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Ioana Moldovan
Columnist

Ioana holds an MA in English, German, and film studies in Romania and Germany. A natural people’s person, film enthusiast, Balkans and Berlin addict, she is happy to combine these passions in any way possible. When she is not writing for Romania-Insider.com she works for international film festivals and (ideally) travels a lot. Email: [email protected]

Romanian film review – In Cinemas Now: Coborâm la prima & Pup-o, mă!

It has been a good year for Romanian cinema in terms of number and genres of releases, and the two current ones are good examples for the range of films produced locally. If you've been following this column it has probably not escaped your attention how enthusiastic I am about different genres and approaches: the more, the merrier, and the better a sign of a working movie industry.

The more interesting of the two projects, especially in terms of background and intention, is Tedy Necula's feature debut Coborâm la prima (with no official English title, I would venture and translate it as We‘re Getting Off at the First Stop). The film premiered on October 26 and was released nationwide on 30 October, the day that commemorates the fire at the Bucharest club Colectiv in 2015. The fire which occurred during a rock concert in a venue to small to accommodate a much too large audience and poorly equipped for a crisis was devastating, with more than 60 victims, and many others injured and suffering from long-term effects of burns or carbon monoxide poisoning. Colectiv was a pivotal moment in recent Romanian history, triggering a furious debate on the generalised corruption and the authorities' chronic lack of care or responsibility for its citizens. Massive demonstrations and the public outrage made then prime-minster Victor Ponta step down and lead to the formation of the technocrat government led by Dacian Cioloș.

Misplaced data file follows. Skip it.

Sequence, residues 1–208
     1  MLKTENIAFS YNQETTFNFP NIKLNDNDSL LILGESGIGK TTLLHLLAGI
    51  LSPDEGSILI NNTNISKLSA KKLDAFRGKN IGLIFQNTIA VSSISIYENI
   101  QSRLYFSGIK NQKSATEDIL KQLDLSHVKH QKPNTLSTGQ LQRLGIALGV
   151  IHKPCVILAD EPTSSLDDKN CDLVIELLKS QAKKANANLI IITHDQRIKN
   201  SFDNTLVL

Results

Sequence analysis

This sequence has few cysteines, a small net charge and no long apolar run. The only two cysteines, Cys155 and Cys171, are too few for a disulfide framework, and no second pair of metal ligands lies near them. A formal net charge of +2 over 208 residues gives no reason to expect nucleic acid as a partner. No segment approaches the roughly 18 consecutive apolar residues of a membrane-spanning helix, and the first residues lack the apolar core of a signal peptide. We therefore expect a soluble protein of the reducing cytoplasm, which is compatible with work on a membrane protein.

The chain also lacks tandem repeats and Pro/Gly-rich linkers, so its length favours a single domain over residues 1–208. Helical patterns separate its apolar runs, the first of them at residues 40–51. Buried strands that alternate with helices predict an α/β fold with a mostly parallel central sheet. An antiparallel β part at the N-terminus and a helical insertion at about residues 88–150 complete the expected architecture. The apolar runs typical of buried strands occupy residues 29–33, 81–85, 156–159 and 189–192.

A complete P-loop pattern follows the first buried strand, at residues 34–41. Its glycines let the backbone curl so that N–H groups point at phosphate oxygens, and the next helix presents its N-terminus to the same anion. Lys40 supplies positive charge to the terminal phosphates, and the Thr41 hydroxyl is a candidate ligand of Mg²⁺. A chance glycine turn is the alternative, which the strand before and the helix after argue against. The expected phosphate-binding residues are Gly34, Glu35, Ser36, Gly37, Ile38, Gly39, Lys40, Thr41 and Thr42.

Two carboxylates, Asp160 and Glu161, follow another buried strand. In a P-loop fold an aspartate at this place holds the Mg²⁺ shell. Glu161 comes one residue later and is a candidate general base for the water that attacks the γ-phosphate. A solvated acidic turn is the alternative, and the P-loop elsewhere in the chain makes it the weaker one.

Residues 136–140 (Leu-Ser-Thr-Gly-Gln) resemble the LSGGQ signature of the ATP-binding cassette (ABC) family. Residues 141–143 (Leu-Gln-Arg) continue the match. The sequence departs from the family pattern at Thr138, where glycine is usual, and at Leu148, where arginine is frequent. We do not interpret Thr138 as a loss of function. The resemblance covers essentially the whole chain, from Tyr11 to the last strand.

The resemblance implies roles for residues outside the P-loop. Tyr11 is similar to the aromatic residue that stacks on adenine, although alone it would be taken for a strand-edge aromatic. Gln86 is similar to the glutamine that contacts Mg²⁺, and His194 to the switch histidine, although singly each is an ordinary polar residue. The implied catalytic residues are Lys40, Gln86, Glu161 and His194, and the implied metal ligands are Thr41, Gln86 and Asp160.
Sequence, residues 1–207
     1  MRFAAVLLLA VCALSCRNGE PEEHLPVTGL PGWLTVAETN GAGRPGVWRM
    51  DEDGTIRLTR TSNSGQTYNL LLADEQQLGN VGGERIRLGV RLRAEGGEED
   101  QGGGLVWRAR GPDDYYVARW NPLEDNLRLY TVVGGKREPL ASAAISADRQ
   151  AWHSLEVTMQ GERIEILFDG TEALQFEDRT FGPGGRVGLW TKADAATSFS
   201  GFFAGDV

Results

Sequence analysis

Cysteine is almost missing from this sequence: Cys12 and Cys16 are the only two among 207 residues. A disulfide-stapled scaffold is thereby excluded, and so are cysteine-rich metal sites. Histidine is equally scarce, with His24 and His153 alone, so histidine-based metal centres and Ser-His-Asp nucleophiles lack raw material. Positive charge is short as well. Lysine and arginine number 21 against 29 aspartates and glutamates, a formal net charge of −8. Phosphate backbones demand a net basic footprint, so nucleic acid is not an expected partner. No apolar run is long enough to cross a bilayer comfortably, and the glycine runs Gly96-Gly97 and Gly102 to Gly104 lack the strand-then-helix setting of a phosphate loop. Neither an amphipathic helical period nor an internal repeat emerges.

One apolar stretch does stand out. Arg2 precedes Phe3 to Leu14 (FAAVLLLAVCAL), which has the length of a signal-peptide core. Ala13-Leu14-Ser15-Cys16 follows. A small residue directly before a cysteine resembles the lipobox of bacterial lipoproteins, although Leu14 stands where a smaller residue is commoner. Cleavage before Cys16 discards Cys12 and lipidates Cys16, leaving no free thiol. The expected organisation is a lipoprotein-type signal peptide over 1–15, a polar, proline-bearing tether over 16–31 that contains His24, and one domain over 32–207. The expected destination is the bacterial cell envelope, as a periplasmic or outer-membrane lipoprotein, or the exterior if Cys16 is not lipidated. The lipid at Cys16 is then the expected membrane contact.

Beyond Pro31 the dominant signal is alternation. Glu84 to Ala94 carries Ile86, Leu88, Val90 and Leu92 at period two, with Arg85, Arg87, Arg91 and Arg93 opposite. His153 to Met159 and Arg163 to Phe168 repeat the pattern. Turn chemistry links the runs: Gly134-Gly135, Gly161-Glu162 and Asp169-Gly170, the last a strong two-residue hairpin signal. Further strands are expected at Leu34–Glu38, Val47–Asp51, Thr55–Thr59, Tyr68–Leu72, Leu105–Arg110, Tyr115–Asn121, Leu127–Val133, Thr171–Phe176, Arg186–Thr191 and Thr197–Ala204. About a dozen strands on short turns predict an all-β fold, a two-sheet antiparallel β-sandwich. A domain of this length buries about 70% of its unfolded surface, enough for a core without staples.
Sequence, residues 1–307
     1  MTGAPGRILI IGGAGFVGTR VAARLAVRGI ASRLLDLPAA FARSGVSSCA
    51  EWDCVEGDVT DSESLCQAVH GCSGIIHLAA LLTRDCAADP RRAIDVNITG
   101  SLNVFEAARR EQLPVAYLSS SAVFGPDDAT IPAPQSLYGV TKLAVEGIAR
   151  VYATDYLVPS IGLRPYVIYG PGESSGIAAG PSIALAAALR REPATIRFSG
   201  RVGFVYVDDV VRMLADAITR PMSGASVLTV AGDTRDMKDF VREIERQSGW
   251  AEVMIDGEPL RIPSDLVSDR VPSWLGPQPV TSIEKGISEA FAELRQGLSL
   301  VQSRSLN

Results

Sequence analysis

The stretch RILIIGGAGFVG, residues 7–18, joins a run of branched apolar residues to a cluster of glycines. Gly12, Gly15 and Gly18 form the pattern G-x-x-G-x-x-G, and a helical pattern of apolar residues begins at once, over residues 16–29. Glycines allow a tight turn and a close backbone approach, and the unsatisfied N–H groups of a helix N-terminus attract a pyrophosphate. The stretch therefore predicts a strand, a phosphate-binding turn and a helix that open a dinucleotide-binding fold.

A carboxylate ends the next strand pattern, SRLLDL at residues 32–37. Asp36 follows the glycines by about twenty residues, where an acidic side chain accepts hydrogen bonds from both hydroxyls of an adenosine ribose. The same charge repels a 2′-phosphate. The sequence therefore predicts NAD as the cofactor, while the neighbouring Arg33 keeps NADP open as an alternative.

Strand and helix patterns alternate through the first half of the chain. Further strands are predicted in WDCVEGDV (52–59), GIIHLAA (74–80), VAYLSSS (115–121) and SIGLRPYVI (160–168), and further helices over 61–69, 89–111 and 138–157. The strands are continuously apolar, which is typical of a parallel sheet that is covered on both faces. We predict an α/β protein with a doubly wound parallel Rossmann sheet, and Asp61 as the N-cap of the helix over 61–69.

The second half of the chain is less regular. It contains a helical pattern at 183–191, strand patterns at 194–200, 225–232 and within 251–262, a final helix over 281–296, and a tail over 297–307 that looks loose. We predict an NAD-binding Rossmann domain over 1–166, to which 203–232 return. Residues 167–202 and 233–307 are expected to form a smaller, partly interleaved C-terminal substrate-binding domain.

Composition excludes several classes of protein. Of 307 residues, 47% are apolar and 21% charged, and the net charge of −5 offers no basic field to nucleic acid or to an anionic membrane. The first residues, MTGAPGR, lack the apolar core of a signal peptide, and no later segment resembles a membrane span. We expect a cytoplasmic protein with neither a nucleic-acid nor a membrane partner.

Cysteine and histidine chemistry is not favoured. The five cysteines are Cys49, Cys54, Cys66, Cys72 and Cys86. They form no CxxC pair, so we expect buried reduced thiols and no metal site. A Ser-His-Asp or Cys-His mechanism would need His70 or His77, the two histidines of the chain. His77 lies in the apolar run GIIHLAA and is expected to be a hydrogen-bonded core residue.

The date of the film's theatrical start is no coincidence as its plot is related to Colectiv: set in an underground train that stops between stations due to a technical failure on the morning after the Colectiv fire, the narrative follows various people having to connect with each other while being stuck together. Necula's film is, according to its creators, the first Romanian inspirational film, and this is exactly what comes to mind while watching it. It is an unabashed plea for people overcoming their individual problems and prejudices in reaching out to others, and for the power of listening to the ones around you. For those sharing a similar worldview it must be a very touching, life-affirming picture, for the more sceptical ones, the films has more misses than hits. I am usually in the second category, and the film's good intentions didn't stop me from rolling my eyes at some of the lines or the tear-jerking moments, but I have to admit I was touched by how openly Coborâm la prima wears its heart on its sleeve. And don't we all need some reassurance and optimism in the light of the terrible event the film uses as a starting point?

The second premiere has a completely different tone. Camelia Popa's Pup-o, mă!, again with no official English title yet, means Kiss her, you fool! or Kiss her, man! and the title says it all. This is a silly, frilly comedy, mostly romantic, but not only. Set in Transylvania (apparently filmmakers have discovered the comedic potential of the area, I assume mostly due to funny accents, from a Bucharest perspective, and the cliché of the slow, good-natured, slightly dim-witted Transylvanian), the film deals with three shepherds who have reached middle age and still have no wives. And since “a kitchen without a woman is like a lock without a key“, as one of them muses, they need to fix this problem quickly. Especially since the Feast of the Wool is approaching and whomever you kiss that night will apparently be your mate for life. Enter two urban young female filmmakers who crush their pen (almost literally) when their car breaks down and you have a comedy of errors, sex, and some countryside thrills. The film is so cliché-laden I wouldn‘t know where to start, and despite being directed by a woman, it would be a stretch to call it feminist (the girl-on-girl kiss, for instance, is a particularly tired trope of male fantasy). It does have some fun slapstick moments though and the picturesque countryside never disappoints, so if this is your jam, you can check out the screening venues and time here (also for Coborâm la prima).

By Ioana Moldovan, columnist, [email protected]

(Photo source: Coboram la prima on Facebook) 

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Profile picture for user ioana.m